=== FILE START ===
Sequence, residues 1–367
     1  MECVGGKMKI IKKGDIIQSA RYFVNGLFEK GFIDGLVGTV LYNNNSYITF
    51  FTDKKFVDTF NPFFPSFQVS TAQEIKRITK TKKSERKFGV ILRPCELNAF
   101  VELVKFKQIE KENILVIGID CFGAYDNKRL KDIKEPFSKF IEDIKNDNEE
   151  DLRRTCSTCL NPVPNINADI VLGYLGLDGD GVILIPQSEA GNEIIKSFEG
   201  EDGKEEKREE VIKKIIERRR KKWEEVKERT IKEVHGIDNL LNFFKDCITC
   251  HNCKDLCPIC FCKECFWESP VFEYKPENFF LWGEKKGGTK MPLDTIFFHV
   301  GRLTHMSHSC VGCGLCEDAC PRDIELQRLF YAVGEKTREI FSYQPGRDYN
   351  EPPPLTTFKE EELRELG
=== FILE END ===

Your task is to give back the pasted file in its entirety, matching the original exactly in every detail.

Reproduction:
Sequence, residues 1–367
     1  MECVGGKMKI IKKGDIIQSA RYFVNGLFEK GFIDGLVGTV LYNNNSYITF
    51  FTDKKFVDTF NPFFPSFQVS TAQEIKRITK TKKSERKFGV ILRPCELNAF
   101  VELVKFKQIE KENILVIGID CFGAYDNKRL KDIKEPFSKF IEDIKNDNEE
   151  DLRRTCSTCL NPVPNINADI VLGYLGLDGD GVILIPQSEA GNEIIKSFEG
   201  EDGKEEKREE VIKKIIERRR KKWEEVKERT IKEVHGIDNL LNFFKDCITC
   251  HNCKDLCPIC FCKECFWESP VFEYKPENFF LWGEKKGGTK MPLDTIFFHV
   301  GRLTHMSHSC VGCGLCEDAC PRDIELQRLF YAVGEKTREI FSYQPGRDYN
   351  EPPPLTTFKE EELRELG